Goodwill is an intangible asset, the value of which is recorded on the acquiring company's balance sheet as the difference between what it paid for the acquisition and the acquired company's fair market value, or book value.
Goodwill of a Company = Purchase Price - Book Value of Company.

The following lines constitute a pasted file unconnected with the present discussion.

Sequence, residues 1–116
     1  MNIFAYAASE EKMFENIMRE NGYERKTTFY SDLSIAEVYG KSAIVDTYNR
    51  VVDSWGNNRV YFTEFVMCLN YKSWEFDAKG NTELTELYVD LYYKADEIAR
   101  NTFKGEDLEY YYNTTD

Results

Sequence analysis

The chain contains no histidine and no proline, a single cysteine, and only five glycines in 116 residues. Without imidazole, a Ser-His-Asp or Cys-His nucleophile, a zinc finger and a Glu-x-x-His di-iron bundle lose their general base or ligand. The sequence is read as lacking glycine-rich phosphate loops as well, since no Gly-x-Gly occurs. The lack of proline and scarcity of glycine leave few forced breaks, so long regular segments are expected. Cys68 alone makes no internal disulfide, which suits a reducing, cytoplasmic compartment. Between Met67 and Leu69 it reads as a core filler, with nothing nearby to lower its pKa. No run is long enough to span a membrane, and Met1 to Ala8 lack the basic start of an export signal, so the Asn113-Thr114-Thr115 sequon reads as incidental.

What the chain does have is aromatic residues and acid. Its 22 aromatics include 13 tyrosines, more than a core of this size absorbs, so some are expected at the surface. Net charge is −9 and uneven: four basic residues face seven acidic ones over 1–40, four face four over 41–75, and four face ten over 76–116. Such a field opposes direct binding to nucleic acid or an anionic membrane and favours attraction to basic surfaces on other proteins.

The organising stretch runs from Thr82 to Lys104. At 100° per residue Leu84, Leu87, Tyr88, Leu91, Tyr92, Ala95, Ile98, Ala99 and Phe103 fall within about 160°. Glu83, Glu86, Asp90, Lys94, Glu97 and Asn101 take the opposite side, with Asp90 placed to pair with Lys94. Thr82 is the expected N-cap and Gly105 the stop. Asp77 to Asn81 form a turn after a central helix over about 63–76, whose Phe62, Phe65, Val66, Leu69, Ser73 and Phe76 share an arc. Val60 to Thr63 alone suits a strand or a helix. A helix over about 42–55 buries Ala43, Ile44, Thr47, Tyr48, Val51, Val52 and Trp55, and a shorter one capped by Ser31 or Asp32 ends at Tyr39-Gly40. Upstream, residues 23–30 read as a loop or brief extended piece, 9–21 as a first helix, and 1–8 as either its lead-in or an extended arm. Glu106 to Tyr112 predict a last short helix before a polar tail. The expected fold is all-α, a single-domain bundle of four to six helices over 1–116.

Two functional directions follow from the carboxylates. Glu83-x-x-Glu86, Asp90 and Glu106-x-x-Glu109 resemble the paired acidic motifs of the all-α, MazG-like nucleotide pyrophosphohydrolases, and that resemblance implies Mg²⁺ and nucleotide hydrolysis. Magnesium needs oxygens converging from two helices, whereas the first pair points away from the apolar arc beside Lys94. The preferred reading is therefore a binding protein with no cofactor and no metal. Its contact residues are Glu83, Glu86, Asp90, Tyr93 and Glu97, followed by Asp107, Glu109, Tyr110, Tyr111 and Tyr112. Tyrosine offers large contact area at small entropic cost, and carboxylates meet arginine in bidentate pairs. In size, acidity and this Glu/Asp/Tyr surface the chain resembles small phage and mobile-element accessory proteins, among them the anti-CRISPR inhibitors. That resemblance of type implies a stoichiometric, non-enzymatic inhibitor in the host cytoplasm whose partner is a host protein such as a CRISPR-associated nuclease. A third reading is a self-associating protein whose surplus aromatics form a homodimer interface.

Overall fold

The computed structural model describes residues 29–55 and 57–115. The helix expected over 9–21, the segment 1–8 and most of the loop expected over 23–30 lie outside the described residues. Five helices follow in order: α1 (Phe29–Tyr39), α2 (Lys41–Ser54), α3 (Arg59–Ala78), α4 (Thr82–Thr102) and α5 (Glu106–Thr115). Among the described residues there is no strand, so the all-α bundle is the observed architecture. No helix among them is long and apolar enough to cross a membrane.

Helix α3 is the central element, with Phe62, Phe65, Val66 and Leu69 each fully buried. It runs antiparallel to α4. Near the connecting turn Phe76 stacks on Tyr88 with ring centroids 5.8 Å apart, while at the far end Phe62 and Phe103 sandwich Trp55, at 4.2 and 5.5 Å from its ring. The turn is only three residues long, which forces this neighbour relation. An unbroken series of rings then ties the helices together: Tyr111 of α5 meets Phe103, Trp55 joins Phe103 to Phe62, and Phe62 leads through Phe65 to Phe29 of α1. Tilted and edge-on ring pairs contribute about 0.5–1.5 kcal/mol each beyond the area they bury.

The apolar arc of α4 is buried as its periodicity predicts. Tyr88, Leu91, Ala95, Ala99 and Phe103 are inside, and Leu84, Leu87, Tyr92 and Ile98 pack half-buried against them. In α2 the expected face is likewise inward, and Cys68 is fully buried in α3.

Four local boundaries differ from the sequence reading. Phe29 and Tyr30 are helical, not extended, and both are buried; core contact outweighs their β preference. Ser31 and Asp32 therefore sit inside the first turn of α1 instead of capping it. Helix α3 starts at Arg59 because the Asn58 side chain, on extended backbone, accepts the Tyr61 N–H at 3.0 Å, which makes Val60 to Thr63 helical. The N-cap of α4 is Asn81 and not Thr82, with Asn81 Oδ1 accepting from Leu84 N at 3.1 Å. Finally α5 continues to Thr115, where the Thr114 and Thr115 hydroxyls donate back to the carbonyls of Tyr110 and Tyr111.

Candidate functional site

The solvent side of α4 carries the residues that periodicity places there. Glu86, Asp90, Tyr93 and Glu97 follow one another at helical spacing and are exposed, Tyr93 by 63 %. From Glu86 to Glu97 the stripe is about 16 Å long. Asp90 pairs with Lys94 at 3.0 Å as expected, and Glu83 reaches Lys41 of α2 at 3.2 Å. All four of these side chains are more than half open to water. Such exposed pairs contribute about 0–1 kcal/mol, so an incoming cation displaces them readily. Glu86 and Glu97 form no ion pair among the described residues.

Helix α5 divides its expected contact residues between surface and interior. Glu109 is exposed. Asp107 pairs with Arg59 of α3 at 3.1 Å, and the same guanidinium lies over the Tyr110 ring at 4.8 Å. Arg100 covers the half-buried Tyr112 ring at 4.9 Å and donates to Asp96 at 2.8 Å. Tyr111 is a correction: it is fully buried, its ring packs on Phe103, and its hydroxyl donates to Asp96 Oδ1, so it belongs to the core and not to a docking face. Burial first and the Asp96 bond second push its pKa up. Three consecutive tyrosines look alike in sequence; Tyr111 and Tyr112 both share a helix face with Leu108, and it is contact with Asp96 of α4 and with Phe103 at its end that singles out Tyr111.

Goodwill is no longer amortized, but, to comply with FASB Rule 142, Accounting for Goodwill and Intangible Assets, it must pass an annual impairment test, to determine if the goodwill is still worth what was paid for it. If not, then it has to be written down, which will diminish stockholder equity, and may trigger covenants on any debts that the acquiring company has issued, and thus, imposes a risk for current stockholders. Such is the current case with Expedia, as is illustrated by this article: Tracking the Numbers - WSJ.com.